The looping of the My %Desktop videos lacks the drama of a clear beginning and end. This was quickly remedied at the exhibition’s launch with the first ever Jodi live performance, Desktop Improvisations. The audience seated in a dark cinema, watch Dirk theatrically walk up to the lonely laptop placed in a spot light, where he positions himself carefully.

A butler serves him with a variety of different mice arranged on a silver platter. He begins by repeatedly trying to drag the hard disk into the wastebasket and vice versa emitting an audible rhythm of errors. The performance then passes through a series of almost orchestral movements as he probes the functions of the desktop in turn – folder creation and deletion, stickies, tool tips, text to sound.

What emerges brilliantly is what Jodi describe as the ‘circus of the interface’. Suddenly we can see an anthropomorphic psychodrama in the minutia of the computer. The most powerful moment occurs when the screen is at its fullest and the ancient laptop slows with the load of spawning all the folders. As the delay between each window opening gradually increases, so does the sound which accompanies this action.

Dirk is in total control, tinkering and even toying with the materiality of the computer. What we see is an incredibly skilful display of human/computer coordination. The generic, invisible user of the installations has become exposed as a virtuoso performer.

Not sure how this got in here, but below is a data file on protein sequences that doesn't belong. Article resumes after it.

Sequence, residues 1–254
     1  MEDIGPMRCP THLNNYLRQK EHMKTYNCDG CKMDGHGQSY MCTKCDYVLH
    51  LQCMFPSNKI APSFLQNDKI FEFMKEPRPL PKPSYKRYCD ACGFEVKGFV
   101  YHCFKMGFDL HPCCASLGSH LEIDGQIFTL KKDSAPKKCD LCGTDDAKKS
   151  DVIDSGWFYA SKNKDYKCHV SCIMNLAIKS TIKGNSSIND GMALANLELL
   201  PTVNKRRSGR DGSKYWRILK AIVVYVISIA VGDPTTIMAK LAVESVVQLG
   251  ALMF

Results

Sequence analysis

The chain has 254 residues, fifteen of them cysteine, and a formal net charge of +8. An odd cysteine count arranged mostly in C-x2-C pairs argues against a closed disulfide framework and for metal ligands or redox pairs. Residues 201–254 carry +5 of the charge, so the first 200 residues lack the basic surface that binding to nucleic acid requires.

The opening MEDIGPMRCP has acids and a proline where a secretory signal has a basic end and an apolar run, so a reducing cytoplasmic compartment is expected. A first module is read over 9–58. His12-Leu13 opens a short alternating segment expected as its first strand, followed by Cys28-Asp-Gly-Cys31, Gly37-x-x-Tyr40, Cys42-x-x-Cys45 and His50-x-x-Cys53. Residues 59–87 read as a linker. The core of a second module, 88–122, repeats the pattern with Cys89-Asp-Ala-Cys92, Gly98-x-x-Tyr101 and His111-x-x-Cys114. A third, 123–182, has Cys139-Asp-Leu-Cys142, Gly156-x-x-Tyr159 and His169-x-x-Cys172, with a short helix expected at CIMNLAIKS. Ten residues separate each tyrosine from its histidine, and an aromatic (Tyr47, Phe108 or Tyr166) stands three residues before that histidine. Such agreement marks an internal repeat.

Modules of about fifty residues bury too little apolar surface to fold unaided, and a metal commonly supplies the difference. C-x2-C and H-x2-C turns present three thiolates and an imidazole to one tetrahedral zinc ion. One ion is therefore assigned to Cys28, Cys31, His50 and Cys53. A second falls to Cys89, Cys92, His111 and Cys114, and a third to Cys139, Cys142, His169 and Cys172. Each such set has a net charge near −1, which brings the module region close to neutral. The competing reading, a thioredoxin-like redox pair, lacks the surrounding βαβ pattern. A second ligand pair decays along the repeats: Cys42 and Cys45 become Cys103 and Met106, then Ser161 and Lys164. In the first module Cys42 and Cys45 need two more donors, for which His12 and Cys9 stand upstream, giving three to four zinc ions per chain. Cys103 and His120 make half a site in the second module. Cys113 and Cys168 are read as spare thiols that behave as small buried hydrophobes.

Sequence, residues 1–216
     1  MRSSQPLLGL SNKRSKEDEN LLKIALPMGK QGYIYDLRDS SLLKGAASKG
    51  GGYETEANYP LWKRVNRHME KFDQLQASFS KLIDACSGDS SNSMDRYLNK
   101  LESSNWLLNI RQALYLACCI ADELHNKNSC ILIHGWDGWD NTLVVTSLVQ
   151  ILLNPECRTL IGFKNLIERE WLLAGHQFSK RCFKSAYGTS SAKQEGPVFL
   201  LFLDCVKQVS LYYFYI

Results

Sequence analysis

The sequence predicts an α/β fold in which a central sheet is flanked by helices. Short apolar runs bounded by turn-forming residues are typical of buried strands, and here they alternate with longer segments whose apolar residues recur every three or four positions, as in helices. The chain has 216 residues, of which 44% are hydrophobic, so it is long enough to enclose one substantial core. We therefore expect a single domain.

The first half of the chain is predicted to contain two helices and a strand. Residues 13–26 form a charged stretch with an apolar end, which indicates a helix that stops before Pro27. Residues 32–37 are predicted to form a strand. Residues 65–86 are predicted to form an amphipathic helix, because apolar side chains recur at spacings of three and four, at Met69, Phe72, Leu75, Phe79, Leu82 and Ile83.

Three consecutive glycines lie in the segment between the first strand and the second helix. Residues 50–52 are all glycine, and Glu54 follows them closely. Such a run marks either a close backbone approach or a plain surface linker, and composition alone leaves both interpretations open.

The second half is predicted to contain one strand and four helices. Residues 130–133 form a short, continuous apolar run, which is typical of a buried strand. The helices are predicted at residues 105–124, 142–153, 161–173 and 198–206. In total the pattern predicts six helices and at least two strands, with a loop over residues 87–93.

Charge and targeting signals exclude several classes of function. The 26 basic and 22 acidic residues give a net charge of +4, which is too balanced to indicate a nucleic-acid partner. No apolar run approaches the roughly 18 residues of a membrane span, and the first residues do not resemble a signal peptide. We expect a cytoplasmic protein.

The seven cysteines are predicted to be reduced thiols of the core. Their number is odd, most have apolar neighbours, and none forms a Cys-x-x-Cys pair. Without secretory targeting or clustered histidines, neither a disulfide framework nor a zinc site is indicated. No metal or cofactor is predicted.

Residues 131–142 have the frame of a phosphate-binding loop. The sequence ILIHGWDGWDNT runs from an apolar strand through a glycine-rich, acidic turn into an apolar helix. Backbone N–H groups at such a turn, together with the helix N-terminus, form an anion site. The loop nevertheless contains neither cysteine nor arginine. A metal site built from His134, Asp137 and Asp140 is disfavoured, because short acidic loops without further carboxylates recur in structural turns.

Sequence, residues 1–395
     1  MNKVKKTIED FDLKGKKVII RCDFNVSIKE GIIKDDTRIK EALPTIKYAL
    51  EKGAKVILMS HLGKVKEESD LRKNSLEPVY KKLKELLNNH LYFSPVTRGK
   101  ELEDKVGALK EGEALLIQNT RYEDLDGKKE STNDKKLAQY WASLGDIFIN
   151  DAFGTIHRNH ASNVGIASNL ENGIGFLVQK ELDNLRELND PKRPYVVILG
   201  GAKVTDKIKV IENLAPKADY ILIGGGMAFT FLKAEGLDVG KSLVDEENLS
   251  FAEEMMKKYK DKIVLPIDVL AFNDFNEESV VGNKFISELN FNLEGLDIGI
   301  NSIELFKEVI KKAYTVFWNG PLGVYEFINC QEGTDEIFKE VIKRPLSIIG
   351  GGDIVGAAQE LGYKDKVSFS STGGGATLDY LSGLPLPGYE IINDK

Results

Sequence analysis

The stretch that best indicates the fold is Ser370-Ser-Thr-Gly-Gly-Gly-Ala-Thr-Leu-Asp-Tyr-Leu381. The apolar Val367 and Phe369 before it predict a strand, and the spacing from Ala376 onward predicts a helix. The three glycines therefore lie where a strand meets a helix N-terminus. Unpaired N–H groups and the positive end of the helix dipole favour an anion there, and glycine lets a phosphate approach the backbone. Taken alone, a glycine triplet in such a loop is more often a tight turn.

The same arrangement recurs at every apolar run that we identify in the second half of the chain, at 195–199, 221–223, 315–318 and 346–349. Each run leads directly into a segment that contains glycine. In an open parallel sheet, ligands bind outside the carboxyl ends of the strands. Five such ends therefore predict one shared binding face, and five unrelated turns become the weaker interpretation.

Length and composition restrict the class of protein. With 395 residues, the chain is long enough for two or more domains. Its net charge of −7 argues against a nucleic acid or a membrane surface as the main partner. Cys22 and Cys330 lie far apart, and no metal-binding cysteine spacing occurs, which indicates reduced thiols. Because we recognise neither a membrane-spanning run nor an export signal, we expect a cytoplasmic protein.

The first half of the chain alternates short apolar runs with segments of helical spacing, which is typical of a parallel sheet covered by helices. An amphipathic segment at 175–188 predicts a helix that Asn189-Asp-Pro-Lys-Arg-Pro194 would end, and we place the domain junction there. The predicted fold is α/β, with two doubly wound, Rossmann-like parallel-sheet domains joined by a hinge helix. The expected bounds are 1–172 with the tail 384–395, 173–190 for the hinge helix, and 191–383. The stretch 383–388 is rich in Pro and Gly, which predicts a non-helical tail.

Watching this routine I am strongly reminded of Vertov's 1914 film Man with the Movie Camera. Both seem to push and expose the formal possibilities and constraints of their medium in order to create a mechanical but emotional truth. Like Vertov's ‘desire for kinship with the machine’, Jodi similarly seem to aim for a cyborgian union. Yet unlike Vertov, Jodi 's Kino-Eye does not produce clarity or ‘introduce creative joy into mechanical labour’. Jodi reject the fantasy of techno utility and refuse to follow the established script for both work and play. For Jodi real play is anarchic and should not be scripted or constrained. ‘Ridiculing something is a form of politics. Clowns can make fun of power situations. Sometimes you don't even know it yourself but a mask falls.’